Skip to comments.Power companies enter broadband market (very interesting)
Posted on 10/17/2005 10:11:58 AM PDT by rawhide
CINCINNATI--The idea has been around for years. In Spain and elsewhere in Europe, utility companies have long offered high-speed Internet service to consumers over their power lines.
But American utilities are only now beginning to roll out broadband connections on their grid.
For Jim Hofstetter, a salesman for Cadbury Schweppes, the food and beverage company, this new option was far better than the high-speed connection he used for years from his local cable provider.
"I would never go back now that I have this," said Hofstetter, who often works from his home office in the Hyde Park neighborhood of Cincinnati. He pays $30 a month for the service from Current Communications, an Internet service provider, which uses the power lines run by Cinergy, the local utility in Cincinnati. That cost is about $15 cheaper than comparable Internet access from either Cincinnati Bell or Time Warner Cable. The Current service can be piped into any electrical outlet in Hofstetter's home, with no reduction in speed even when he, his wife and their three daughters are online at the same time. All that is needed is a baseball-size jack that plugs into the wall and is connected to a computer with an Ethernet cable.
Known as broadband over power line, or BPL, the service is poised to challenge the cable and phone companies that dominate the high-speed Internet market. Instead of burying cables and rewiring homes, BPL providers use the local power grid, which means that any home with electricity could get the service.
(Excerpt) Read more at news.com.com ...
National Rural Telecommunications Cooperative...all sorts of services for rural areas, including new high-speed satellite internet.
We have the so-called high speed satellite. While faster than dial-up it is less than DSL and much more expensive. than dial-up
Wonder how they get around isolation transformers?
It can also severely hamper shortwave, including Ham, radio communications.
Development is supposed to be underway that will deliver broadband directly through existing electrical wiring.
It is supposed to be something like 7x faster than highspeed cable.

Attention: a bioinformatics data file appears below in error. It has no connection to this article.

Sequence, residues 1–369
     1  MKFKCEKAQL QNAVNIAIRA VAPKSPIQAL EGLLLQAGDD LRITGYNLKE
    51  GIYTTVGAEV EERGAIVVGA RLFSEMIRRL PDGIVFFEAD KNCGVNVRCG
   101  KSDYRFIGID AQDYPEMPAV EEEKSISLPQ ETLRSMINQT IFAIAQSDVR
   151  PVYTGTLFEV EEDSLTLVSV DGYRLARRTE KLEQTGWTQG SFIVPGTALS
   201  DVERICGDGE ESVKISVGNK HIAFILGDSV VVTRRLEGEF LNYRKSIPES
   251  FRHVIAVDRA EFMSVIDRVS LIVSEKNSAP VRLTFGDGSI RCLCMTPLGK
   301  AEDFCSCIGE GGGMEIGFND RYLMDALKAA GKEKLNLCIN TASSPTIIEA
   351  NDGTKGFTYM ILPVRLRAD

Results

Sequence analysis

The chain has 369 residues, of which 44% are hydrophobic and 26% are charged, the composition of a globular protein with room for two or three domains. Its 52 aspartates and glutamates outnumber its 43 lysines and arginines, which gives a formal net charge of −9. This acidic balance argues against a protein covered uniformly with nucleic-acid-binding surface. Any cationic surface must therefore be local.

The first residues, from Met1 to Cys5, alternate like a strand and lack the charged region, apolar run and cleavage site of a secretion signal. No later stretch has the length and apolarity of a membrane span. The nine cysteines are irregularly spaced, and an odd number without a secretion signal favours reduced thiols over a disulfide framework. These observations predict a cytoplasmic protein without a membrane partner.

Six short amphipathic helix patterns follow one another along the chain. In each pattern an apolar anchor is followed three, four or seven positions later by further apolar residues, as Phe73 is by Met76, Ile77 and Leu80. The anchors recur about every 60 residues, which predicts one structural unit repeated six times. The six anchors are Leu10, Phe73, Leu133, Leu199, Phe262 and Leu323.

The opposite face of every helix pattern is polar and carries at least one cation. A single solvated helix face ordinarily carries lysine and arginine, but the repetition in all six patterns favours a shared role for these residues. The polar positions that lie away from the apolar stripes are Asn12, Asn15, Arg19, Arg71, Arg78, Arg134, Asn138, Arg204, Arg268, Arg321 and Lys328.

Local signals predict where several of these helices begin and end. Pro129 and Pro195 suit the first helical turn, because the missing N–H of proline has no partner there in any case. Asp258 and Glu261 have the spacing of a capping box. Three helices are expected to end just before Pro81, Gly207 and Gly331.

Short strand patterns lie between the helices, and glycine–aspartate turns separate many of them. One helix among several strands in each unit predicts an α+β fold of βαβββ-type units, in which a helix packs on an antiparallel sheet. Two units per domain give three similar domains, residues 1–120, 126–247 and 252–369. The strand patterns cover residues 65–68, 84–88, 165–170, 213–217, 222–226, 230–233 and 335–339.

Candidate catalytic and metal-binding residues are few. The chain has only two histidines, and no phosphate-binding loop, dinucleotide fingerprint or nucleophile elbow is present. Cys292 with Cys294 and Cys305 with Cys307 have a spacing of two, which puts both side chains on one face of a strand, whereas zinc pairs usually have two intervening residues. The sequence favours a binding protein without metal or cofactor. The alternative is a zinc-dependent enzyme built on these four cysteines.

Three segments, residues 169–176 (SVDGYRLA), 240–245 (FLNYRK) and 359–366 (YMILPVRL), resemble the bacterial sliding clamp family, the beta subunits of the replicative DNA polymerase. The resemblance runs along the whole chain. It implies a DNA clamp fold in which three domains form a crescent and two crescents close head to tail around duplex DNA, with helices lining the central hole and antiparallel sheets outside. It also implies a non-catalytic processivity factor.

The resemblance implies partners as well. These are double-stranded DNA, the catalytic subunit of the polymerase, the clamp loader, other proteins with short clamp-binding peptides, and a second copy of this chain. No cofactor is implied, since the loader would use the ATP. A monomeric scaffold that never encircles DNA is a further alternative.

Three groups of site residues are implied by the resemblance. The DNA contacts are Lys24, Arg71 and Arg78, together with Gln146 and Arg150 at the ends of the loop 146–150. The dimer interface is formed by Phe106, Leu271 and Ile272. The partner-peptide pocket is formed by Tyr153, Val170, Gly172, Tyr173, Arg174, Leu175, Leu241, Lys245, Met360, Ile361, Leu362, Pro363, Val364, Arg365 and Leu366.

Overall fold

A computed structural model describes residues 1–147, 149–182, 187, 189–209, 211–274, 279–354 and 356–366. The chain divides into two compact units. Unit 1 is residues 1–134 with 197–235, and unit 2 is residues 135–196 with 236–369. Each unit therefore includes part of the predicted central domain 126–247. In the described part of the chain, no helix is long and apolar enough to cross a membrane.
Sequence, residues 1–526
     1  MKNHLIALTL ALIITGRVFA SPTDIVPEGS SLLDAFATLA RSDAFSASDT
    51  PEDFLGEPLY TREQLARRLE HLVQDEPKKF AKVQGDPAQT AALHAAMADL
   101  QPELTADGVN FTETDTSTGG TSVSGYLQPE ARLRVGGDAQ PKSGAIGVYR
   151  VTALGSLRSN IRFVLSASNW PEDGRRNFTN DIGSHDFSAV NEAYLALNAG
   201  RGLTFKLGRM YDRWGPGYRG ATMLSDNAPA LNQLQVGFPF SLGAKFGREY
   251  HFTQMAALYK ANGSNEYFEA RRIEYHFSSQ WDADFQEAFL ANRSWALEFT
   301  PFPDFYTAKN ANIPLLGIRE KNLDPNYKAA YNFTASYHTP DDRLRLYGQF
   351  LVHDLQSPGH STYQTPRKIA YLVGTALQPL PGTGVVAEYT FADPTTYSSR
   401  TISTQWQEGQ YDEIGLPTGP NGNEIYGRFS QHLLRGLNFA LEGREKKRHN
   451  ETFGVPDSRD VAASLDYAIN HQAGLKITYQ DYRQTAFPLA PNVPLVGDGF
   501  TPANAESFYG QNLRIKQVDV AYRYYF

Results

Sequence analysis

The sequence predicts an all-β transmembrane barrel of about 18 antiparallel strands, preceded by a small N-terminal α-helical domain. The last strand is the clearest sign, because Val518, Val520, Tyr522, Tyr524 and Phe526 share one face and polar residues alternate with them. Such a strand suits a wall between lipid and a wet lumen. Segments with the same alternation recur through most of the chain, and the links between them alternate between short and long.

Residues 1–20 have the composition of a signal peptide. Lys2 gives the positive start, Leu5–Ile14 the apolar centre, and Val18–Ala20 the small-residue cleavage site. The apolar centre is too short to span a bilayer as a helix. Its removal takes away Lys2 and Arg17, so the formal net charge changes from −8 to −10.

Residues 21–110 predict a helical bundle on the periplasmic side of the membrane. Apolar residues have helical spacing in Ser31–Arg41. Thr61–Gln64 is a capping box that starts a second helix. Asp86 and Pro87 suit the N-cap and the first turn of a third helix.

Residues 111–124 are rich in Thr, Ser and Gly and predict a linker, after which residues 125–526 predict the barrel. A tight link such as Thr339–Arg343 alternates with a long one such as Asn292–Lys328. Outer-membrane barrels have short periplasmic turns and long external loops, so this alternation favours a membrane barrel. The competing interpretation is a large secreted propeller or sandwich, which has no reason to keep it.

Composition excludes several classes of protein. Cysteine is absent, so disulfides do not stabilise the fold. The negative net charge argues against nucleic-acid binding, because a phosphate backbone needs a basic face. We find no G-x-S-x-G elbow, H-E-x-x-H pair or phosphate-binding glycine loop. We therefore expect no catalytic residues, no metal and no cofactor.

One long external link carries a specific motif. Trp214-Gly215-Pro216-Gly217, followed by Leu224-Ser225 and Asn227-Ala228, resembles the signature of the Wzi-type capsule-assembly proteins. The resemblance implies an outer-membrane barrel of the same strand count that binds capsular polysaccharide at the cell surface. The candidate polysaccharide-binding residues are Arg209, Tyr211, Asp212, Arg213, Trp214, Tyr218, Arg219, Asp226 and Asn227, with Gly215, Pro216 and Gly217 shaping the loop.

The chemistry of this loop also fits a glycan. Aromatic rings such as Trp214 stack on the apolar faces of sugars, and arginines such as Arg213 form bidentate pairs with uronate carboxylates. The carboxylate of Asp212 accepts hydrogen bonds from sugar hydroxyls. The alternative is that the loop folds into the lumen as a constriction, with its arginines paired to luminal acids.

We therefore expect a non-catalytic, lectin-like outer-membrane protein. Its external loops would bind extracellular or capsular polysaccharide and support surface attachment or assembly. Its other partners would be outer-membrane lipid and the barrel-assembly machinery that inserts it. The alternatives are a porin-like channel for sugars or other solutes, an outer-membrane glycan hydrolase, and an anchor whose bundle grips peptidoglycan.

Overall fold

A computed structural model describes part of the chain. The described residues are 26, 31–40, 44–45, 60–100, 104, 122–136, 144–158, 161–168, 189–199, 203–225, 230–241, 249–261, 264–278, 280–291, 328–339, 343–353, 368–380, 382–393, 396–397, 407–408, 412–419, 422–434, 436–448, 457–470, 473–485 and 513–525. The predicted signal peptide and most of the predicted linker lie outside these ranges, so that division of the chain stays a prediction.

Some DSL prices have dropped significantly, except for isolated areas not served by the big Bells and telecoms. Centurytel is still high priced. Cable HS in my area runs about $40 for the 4MiB download speed.
I am clueless about this.
Would High Speed Internet effect the power grid in any way?
I would not want to live with another power outage like we did a few years ago.
This company is about to go public.
Time to sell your cable TV and internet-over-cable stocks...
Meaning, what? About .0001% of the population?
Are you talking about DirectWay? There's a new service out, called WildBlue.
Right now there is free wireless in downtown neighborhoods in Cincinnati.
I like this from the article:
'They have two broadband adapters that they can move to any outlet in the house. When Hofstetter takes his computer to a different room in the house, he takes an adapter with him, plugs it in and is instantly connected to the Internet. He can buy extra adapters for about $30.'
Meaning the next time your town is hit by a hurricane, tornado, earthquake, flood, etc. the 100% of the population depending on the guy down the street who used to be involved in ham/emergency communications will be stuck.
That guy gave up his hobby after being wiped out by interference. The fact the the interference is gone during the emergency, and corresponding power outage is irrelevant. He got rid of his gear already. So sorry, no comms.
I am not a techician but never understood why there was that big of a problem serving rural areas. The towns have high speed at reasonable rates and they are basically the same distance from any really large urban areas as we are.
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